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The Rennsport house midget. A 70’s era bullet propelled a 165 c.i. “Staggerfire” V-4 engine. This potent racer was driven by some of the best short trackers in the business including Jimmy Sills and Jan Opperman.

An extremely rare Don Edmunds-built, rear engine midget powered by an Auto-Craft (Full race Volkswagen) engine. This car was campaigned in the Pacific Northwest but remains a bit of a mystery. Edmunds acknowledged having built the car to Farwell but it is not mentioned in the exhaustive biography on Edmunds published by Paul Weisel, Jr. last year.

Rebel Rally

The goldRush Rally is the craziest exotic car parade that you have never heard of. If you have heard of it, then you probably stumbled upon it somewhere in the back roads of the United States or caught ‘dope’ pictures on social media.

Though it is referred to as a ‘rally,’ those who organize it are adamant that no street racing is to be tolerated. This is not a cross-country barnstorming, but more of a wild group road trip. Almost 200 participants sign up to caravan in their Lamborghinis, Porsches, Ferraris, McLarens, and more. There are no restrictions on makes, models, or years of the participating cars, though most that are entered are considered to be ‘exotic.’

Each year, the route changes. For the special ten-year anniversary this June, expedition stopped in ten metropolitan cities from Boston to Las Vegas. Lasting little over a week, they happened to swing through the Indianapolis Motor Speedway for an afternoon.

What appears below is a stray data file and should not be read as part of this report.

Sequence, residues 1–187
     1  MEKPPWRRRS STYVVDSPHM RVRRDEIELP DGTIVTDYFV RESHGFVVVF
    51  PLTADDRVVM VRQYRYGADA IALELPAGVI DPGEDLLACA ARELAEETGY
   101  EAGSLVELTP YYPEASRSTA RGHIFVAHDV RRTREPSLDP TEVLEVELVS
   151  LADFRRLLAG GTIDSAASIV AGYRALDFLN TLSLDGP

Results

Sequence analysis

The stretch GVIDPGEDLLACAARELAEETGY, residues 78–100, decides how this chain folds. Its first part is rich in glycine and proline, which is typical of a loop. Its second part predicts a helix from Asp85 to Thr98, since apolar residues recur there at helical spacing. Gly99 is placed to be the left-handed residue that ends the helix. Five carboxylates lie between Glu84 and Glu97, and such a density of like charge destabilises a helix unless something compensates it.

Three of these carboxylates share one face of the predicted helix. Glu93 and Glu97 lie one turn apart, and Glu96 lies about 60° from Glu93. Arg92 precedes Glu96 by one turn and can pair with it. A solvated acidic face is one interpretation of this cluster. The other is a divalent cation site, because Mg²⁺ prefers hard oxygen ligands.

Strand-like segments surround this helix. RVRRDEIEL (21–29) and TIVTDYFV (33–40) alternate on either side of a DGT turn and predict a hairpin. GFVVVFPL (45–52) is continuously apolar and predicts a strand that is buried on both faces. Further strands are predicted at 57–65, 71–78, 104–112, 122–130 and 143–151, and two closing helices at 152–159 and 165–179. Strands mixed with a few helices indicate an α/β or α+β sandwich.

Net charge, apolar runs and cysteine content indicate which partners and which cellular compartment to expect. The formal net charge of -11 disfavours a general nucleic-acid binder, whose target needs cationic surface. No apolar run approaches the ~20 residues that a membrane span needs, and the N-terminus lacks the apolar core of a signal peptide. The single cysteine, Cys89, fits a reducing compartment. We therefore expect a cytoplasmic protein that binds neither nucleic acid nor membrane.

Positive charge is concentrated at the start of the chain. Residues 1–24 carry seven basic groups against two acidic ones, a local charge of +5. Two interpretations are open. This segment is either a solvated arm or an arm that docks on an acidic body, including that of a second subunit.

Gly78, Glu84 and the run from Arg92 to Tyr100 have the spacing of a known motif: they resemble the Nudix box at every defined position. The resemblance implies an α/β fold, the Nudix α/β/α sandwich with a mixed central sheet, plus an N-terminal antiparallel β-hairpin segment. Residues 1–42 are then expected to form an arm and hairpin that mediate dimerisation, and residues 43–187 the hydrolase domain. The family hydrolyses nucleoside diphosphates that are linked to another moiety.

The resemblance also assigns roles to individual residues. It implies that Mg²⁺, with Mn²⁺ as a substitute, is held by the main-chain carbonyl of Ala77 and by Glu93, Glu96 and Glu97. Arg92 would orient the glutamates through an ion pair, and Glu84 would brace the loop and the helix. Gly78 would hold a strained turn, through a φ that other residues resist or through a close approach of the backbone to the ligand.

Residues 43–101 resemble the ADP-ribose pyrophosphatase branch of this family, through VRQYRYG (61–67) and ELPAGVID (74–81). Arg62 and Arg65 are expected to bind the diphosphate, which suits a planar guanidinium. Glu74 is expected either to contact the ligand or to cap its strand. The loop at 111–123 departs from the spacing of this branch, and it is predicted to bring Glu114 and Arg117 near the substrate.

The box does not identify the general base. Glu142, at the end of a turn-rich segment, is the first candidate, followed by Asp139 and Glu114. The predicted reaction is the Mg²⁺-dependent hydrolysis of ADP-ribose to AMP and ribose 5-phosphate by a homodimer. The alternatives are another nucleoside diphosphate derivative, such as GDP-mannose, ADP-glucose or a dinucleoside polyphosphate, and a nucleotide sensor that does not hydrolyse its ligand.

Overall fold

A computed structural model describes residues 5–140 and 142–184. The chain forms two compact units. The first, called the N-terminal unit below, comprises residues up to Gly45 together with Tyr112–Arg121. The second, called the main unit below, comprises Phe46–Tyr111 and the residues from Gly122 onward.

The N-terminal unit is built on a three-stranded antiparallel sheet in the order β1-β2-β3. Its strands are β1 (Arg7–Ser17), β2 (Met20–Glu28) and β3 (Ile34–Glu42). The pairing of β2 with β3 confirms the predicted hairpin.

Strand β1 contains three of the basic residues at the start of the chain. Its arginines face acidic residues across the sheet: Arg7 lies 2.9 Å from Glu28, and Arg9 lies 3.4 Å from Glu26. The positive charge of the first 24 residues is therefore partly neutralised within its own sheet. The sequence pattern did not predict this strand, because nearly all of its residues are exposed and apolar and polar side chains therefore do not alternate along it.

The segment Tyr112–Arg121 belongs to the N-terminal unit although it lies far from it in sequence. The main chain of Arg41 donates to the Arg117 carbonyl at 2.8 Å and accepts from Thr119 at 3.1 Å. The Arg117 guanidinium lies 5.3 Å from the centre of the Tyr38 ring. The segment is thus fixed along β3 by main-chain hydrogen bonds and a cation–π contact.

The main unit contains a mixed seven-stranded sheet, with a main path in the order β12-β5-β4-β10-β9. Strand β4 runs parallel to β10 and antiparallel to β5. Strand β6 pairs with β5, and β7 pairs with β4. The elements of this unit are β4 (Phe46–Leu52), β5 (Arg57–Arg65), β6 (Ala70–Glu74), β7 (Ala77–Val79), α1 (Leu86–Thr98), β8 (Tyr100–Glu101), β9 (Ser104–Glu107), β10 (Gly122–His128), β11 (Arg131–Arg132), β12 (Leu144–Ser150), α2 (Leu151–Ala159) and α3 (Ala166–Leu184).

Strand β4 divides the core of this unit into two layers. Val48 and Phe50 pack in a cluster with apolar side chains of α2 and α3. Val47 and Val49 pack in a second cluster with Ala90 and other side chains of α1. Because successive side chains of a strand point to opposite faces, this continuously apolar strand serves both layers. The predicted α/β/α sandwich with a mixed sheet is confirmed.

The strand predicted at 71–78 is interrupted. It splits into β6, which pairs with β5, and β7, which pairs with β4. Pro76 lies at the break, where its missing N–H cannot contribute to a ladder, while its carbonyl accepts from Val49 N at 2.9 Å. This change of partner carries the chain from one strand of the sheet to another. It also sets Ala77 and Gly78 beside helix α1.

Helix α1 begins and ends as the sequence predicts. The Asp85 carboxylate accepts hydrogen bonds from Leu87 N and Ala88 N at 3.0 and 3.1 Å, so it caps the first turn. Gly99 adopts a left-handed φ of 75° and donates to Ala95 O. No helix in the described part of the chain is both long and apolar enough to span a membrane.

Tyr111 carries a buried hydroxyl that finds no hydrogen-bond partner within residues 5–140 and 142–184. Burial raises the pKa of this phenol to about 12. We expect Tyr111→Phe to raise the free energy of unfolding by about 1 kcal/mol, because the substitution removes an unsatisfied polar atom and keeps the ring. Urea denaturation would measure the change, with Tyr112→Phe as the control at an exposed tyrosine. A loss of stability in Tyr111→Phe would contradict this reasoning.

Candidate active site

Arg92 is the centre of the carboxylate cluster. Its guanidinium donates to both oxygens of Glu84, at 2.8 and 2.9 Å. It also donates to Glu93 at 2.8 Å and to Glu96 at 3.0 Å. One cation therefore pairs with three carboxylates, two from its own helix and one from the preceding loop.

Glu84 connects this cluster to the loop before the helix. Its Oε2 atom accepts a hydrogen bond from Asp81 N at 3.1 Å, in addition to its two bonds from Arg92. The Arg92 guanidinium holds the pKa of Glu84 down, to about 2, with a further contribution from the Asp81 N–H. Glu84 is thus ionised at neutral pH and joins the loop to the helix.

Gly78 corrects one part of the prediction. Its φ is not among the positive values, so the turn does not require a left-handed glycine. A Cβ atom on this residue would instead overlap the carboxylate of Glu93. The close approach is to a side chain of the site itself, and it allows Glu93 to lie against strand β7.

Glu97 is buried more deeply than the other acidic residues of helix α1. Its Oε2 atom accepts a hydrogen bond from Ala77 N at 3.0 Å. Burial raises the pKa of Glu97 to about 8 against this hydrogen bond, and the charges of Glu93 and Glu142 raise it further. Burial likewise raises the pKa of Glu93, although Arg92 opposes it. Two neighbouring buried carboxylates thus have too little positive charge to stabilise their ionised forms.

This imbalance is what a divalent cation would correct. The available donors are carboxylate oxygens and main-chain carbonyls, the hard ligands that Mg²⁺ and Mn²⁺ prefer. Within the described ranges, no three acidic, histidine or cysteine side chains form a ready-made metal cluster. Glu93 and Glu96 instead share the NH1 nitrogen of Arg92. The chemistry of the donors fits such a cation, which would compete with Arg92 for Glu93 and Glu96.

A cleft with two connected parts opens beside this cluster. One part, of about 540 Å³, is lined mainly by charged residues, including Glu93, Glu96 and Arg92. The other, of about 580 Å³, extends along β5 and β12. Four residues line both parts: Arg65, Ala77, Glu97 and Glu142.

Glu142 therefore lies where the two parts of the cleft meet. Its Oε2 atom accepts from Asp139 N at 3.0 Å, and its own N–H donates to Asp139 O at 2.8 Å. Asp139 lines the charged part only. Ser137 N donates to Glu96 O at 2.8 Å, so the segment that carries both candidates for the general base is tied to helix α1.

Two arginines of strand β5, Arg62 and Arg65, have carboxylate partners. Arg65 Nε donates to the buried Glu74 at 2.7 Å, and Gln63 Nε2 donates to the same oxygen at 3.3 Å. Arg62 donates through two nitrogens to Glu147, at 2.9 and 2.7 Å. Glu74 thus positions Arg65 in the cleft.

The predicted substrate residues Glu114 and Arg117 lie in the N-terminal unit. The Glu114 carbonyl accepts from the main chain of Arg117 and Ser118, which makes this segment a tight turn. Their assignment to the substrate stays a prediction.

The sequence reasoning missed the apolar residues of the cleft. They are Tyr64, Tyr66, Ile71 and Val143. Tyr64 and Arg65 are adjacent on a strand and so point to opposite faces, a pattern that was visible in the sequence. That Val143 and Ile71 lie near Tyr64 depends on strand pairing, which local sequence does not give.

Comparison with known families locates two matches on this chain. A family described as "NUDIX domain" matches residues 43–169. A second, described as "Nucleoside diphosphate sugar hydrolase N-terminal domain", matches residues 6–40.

There is nothing subtle about a fleet of candy-colored supercars arriving at your office- especially on a grey Tuesday morning. This was the VIP group, which included nascar Champion and 2014 Indy500 starter Kurt Busch driving a menacing 2018 Ford GT and former Seahawks Defensive End Cliff Avril in his own Black Panther themed ride. All of a sudden, there was a spectacle. These magnificent cars were a taste of the 200-odd legion on their way.

“We get guys from all over the country” explained one of the drivers named Geoff. “Most own their own cars, but sometimes you’ll get someone from another country that rents a new Lambo or something just to participate.”
Geoff Fear owns a luxury watch company that sponsors the series and has been an eager participant since the beginning. Decked out in Premiere Jewelry logos and goldRush stickers, Fear rocked a classic Gulf paint scheme this year on his McLaren 570S. Every car sports their own unique design and attitude – each wilder than the next.
Geoff represents most that run this rally. This tradition has turned from a lighthearted week of parties and supercar spectacle to a close-knit reunion. “This is my family and I look forward to this every year,” he said earnestly before smirking and adding “There is something about running from the cops that really brings people together.”

As one can imagine, discretion is not the goal of this organization. No matter the city, a crowd gathers. This often times includes the Fuzz. Sometimes the police are present to provide an escort, and sometimes they are present to provide tickets. The series rules specifically state:

“The goldRush Rally (the “Rally”) is not a race. You must not compete in any manner with other participants. You must not place any bets of any kind in relation to the Rally… You must comply with all applicable laws and regulations of the City, County, State, and Country in which you are present at any given time during the Rally, including but not limited to all speed regulations, laws of the road, etc.”

But being pulled over is a regularity. Speeding tickets are a mark of pride but not getting caught is the ultimate prize.